The confusion has gone that far. Ignored first by the Land Registration Administration is the uncontested deed of conveyance to Severino Manotok as early as1923.

This genuineness and validity of the deed has never been assailed either by the heirs of Homer Barque or the Manahans.

It should be noted that before the Manahans filed an intervention, they earlier applied for administrative reconstitution of TCT No. 250215 in the name of Felicitas Manahan.

The LRA issued a certification that states “as per available records of the Reconstitution Division … there is no record of any order for the reconstitution of said TCT No. 250215 … the petition and other documents transmitted therewith could not be located.”

The other more curious part of the land dispute is the allegation of the lawyers of Manotok that the Barques presented “two versions of a deed of conveyance in the name of Emiliano Setosta. One was admitted by Teresita Barque Hernandez to be fake.”

The other version, according to the lawyers, “was disowned by a witness from the Land Management Bureau as contained in an unofficial certification on it.”

The Manahans produced an alleged deed of conveyance claimed to have been issued on Oct. 30, 2000 by LMB Director Ernesto Adobo, or more than 70 years after the Bureau of Lands announced that it had fully disposed of the entire Piedad Estate to private parties.”

What was the basis of Adobo in issuing a deed of conveyance as late as October 2000? This question has been asked. But no satisfactory answer was ever given.

Saddest of all is the early decision of the Supreme Court awarding the Manotok property to the heirs of Homer Barque.

It is to the eternal credit of then Chief Justice Reynato S. Puno that he granted an en banc hearing on the case on the petition of former SC Associate Justice Florentino P. Feliciano.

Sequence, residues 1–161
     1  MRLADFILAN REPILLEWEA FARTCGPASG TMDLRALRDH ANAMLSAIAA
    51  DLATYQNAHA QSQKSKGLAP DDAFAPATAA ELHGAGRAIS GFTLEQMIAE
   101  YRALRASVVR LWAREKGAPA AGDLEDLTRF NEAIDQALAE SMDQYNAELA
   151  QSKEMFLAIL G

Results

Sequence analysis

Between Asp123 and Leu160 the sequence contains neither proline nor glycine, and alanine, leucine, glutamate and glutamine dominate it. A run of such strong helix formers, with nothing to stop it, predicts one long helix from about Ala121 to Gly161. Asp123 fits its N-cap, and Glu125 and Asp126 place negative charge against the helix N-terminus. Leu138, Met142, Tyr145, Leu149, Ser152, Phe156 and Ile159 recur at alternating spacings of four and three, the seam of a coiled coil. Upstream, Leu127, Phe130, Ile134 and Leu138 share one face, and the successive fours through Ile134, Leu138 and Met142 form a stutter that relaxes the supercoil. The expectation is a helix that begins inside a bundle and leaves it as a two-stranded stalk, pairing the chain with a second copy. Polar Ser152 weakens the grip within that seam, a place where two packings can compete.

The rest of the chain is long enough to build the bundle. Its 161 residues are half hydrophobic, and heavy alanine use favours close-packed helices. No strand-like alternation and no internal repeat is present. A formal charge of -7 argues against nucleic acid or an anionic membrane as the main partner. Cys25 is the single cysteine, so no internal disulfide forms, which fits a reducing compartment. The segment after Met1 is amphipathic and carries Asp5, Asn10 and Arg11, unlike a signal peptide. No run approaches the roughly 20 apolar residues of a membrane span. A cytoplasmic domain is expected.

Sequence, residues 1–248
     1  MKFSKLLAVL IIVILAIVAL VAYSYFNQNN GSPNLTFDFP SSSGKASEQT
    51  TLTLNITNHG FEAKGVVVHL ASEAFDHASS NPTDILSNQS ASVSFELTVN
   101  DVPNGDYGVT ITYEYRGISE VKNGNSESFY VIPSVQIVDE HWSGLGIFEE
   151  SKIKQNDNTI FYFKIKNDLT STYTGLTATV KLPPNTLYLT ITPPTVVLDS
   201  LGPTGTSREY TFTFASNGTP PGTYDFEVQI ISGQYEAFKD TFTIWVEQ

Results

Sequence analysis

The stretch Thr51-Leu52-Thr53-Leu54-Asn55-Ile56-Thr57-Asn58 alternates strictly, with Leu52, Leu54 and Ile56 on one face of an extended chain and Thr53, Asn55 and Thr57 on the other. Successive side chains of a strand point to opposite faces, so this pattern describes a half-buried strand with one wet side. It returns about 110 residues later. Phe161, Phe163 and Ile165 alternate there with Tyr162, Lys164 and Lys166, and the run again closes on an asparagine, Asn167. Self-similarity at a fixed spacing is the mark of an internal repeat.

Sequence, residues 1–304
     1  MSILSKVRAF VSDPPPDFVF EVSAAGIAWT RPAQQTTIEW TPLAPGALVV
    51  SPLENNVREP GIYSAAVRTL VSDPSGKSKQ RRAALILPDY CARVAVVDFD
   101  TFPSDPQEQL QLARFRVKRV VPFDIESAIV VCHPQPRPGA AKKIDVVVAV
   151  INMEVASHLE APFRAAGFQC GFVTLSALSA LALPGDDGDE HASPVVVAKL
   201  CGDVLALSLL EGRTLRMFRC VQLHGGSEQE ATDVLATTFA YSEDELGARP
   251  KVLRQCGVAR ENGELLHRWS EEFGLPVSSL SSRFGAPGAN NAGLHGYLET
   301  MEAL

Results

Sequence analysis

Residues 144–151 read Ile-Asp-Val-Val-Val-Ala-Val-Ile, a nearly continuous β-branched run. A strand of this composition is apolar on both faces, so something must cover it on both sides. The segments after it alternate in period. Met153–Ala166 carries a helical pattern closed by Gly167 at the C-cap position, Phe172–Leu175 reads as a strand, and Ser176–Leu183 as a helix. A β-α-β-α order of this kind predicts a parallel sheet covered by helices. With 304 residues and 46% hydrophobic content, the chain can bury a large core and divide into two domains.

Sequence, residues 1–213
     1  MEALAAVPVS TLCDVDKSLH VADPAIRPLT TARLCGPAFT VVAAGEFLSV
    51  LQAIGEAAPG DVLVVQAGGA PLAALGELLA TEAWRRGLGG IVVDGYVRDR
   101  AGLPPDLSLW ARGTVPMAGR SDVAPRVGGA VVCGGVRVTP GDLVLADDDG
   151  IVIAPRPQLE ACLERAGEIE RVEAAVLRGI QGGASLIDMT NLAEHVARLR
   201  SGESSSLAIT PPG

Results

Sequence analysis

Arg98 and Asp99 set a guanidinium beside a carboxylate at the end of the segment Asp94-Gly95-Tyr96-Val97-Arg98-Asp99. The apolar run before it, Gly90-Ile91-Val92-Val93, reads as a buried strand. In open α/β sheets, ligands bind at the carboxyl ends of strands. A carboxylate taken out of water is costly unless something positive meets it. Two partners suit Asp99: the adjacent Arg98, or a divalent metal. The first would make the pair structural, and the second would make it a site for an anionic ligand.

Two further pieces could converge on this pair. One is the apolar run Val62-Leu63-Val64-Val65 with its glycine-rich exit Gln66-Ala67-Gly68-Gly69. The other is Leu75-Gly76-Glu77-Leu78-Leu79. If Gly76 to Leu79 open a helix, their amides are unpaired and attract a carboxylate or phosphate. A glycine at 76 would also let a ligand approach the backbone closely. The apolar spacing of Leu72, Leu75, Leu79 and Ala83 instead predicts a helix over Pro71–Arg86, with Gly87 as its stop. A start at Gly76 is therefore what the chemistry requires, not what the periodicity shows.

The Highest Tribunal remanded the case to the Court of Appeals for review. The CA has submitted its voluminous report to the Supreme Court for final disposition.

Unfortunately, the request of the lawyers to require the CA to furnish the Manotoks a copy of the report was denied by the Supreme Court.

A motion for reconsideration has been filed but the SC has not acted on it although it moved with dispatch dismissing the first motion for reconsideration.

Ownership since 1919

The lawful authorities should really go after these land-grabbing scammers. The Barque family have obviously forged their title to the land and therefore have forged a public document. And who are Rosendo Manahan and Felicitas Manahan? They should also be investigated for they claim to own the land which they have never set foot upon and therefore have forged land titles too.

http://www.malaya.com.ph/11182009/busicircuit.html

Ownership since 1919

The controversy over the 34-hectare prime property owned and occupied by the heirs of Severino Manotok since 1919 is far from over.

After the heirs of Homer Barque sought reconstitution on the ground that the original title was lost in a fire that hit the register of deeds office in the Quezon City hall, came the Manahans who have a similar claim but for a different reason.

If official records must be the basis for final awarding of ownership, it is clear that the land – formerly friar land and later identified as the Piedad Estate – belongs to the Manotoks.

Records submitted to the courts show that the Manotoks have been in possession of the land since 1919. They have been paying taxes on the property. They have introduced improvements and had been left alone in peace until the records of the register of deeds were burned.

That’s when the heirs of Barque claimed they own the land but they never set foot on the property. Least of all, had it guarded to prevent an invasion by squatters.

The original title of the Manotoks lost to the fire in 1988 was reconstituted in 1991. The title is identified as RT-22481.

Can another reconstituted title sought by the heirs of Homer Barque and the Manahans be issued on the same property? Only the Court of Appeals can answer the question. The Supreme Court remanded the case to the CA for fact-finding although the law is clear that judicial reconstitution is a sole and exclusive jurisdiction of the Regional Trial Court.

Weird case

The heirs of Barque first sought reconstitution of title with the Land Registration Administration. The petition was denied but later approved. The LRA claimed that title of the Manotoks as “sham and spurious.”